Please use this identifier to cite or link to this item: https://doi.org/10.1287/opre.1110.0987
Title: Process flexibility revisited: The graph expander and its applications
Authors: Chou, M.C. 
Chua, G.A.
Teo, C.-P. 
Zheng, H.
Issue Date: 2011
Source: Chou, M.C., Chua, G.A., Teo, C.-P., Zheng, H. (2011). Process flexibility revisited: The graph expander and its applications. Operations Research 59 (5) : 1090-1105. ScholarBank@NUS Repository. https://doi.org/10.1287/opre.1110.0987
Abstract: We examine how to design a flexible process structure for a production system to match supply with demand more effectively. We argue that good flexible process structures are essentially highly connected graphs, and we use the concept of graph expansion (a measure of graph connectivity) to achieve various insights into this design problem. Whereas existing literature on process flexibility has focused on the expected performance of process structure, we analyze in this paper the worst-case performance of the flexible structure design problem under a more general setting, which encompasses a large class of objective functions. Chou et al. [Chou, M. C., G. Chua, C. P. Teo, H. Zheng. 2010. Design for process flexibility: Efficiency of the long chain and sparse structure. Oper. Res. 58(1) 43-58] showed the existence of a sparse process structure that performs nearly as well as the fully flexible system on average, but the approach using random sampling yields few insights into the nature of the process structure. We show that the ë-expander structure, a variant of the graph expander structure (a highly connected but sparse graph) often used in communication networks, is within .-optimality of the fully flexible system for all demand scenarios. Furthermore, the same expander structure works uniformly well for all objective functions in our class. Based on this insight, we derive design guidelines for general nonsymmetrical systems and develop a simple and easy-to-implement heuristic to design flexible process structures. Numerical results show that this simple heuristic performs well for a variety of numerical examples previously studied in the literature and compares favourably even with the best solutions obtained via extensive simulation and known demand distribution. Subject classifications: facilities planning: design; production: flexible manufacturing; networks/graphs: stochastic. Area of review: Manufacturing, Service, and Supply Chain Operations. History: Received December 2008; revisions received May 2010, December 2010; accepted December 2010. © 2011 INFORMS.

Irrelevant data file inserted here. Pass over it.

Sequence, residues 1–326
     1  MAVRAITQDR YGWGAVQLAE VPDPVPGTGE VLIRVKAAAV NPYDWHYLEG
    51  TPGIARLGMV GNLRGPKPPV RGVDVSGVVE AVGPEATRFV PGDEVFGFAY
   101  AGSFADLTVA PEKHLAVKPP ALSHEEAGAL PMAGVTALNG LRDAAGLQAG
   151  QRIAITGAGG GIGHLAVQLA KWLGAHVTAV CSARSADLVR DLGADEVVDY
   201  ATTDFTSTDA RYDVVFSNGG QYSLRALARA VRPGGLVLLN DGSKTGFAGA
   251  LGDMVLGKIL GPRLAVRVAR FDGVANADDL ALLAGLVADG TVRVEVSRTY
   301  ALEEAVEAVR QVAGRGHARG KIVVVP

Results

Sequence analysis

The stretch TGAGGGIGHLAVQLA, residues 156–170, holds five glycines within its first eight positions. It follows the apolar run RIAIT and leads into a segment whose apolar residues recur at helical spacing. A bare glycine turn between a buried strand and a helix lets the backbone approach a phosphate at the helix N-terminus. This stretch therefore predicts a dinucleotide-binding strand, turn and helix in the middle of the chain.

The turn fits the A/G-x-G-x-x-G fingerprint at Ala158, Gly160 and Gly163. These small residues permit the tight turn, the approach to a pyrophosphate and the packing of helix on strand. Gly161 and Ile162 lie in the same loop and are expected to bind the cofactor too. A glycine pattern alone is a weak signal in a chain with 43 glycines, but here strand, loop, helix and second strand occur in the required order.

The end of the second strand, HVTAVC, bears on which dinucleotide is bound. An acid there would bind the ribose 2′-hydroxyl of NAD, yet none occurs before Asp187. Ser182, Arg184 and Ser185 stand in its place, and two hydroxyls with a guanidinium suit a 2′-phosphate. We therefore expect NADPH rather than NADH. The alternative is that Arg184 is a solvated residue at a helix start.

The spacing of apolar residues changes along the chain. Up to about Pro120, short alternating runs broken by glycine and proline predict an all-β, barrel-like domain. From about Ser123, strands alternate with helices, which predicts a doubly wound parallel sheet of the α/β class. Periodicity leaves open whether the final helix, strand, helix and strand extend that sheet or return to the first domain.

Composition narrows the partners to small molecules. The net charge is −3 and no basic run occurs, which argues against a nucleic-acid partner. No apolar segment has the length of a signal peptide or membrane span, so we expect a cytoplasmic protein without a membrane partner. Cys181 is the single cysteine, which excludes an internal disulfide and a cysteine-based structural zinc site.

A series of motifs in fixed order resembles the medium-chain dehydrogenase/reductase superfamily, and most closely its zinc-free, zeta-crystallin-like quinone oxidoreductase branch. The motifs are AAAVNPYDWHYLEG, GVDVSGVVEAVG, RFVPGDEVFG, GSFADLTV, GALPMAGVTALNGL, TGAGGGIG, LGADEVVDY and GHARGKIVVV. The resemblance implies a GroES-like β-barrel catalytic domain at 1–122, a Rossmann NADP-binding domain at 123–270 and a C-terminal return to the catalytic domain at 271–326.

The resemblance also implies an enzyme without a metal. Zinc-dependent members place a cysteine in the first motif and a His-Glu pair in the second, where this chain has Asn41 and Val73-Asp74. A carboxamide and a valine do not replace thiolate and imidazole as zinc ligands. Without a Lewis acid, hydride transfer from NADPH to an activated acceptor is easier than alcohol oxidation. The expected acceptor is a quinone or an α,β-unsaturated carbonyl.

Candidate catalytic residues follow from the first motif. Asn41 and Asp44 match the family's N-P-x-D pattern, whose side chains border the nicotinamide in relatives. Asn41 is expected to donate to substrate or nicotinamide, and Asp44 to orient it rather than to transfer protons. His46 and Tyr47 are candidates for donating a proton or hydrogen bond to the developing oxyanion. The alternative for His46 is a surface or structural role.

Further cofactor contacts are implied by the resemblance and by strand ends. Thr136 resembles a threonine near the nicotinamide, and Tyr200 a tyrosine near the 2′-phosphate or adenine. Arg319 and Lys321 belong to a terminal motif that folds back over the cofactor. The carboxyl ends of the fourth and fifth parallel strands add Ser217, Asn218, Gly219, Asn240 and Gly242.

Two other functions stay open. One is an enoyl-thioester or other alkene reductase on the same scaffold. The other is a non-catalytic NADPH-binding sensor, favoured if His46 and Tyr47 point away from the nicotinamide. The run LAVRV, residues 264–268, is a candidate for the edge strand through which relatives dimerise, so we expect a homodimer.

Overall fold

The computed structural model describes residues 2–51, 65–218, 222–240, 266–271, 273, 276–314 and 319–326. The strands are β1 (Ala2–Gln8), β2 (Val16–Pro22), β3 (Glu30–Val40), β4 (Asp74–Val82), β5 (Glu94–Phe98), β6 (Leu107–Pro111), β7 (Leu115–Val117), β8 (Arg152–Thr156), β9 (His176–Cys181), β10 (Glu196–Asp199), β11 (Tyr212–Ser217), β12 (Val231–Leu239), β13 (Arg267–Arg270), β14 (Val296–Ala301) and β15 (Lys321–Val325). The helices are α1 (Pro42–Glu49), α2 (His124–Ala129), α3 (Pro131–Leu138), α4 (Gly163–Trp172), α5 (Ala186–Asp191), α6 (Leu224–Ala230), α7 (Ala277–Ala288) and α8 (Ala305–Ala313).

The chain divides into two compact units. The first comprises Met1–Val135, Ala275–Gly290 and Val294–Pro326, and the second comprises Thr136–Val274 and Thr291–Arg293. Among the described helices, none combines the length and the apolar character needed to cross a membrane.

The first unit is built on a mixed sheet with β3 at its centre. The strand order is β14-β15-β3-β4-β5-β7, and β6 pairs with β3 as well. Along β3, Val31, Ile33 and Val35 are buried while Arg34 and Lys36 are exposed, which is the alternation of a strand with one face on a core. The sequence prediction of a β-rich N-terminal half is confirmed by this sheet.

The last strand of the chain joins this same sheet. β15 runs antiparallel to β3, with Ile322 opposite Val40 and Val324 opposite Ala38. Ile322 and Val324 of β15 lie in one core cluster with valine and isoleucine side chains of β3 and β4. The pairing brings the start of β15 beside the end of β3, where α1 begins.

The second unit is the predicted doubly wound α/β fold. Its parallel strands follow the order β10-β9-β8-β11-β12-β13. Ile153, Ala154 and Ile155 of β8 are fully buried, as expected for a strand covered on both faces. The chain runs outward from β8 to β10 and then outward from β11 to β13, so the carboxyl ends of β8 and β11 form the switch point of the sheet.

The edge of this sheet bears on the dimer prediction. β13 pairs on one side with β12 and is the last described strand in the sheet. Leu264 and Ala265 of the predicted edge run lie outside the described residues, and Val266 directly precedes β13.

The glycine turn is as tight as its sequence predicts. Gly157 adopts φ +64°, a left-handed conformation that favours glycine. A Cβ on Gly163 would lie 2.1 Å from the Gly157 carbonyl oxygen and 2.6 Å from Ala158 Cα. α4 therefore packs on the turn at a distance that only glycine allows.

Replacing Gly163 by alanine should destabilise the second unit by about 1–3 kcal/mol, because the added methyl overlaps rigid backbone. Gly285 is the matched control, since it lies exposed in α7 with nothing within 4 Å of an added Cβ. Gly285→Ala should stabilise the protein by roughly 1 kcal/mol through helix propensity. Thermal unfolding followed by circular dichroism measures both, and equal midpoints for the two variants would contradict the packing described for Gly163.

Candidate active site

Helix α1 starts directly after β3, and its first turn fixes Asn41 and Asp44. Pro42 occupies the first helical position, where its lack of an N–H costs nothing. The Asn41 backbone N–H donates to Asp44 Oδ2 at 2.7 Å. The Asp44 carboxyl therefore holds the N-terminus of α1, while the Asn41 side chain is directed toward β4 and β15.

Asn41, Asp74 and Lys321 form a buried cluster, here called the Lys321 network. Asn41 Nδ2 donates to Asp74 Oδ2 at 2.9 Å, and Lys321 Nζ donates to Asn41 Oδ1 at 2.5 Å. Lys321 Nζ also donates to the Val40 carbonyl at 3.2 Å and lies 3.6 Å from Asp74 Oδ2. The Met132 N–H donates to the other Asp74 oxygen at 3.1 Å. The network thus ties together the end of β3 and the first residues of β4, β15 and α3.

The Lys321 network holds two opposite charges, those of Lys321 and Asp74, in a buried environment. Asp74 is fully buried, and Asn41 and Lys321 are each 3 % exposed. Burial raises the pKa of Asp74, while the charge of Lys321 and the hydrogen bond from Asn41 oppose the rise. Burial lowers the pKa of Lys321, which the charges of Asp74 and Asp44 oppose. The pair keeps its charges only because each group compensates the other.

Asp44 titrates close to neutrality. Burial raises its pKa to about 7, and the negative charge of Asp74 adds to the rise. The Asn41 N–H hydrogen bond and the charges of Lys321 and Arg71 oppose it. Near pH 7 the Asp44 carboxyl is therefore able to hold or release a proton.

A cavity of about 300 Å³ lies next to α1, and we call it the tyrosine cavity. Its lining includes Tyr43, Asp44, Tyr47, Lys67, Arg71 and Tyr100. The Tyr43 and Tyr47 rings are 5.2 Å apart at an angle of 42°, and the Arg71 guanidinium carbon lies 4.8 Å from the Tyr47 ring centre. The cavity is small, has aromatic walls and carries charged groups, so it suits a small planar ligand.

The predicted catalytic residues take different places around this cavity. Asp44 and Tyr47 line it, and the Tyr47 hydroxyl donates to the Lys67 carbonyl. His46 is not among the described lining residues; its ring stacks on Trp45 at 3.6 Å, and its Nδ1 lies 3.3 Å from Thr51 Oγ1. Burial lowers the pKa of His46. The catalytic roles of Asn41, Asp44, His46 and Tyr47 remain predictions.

Source Title: Operations Research
URI: http://scholarbank.nus.edu.sg/handle/10635/44079
ISSN: 0030364X
DOI: 10.1287/opre.1110.0987
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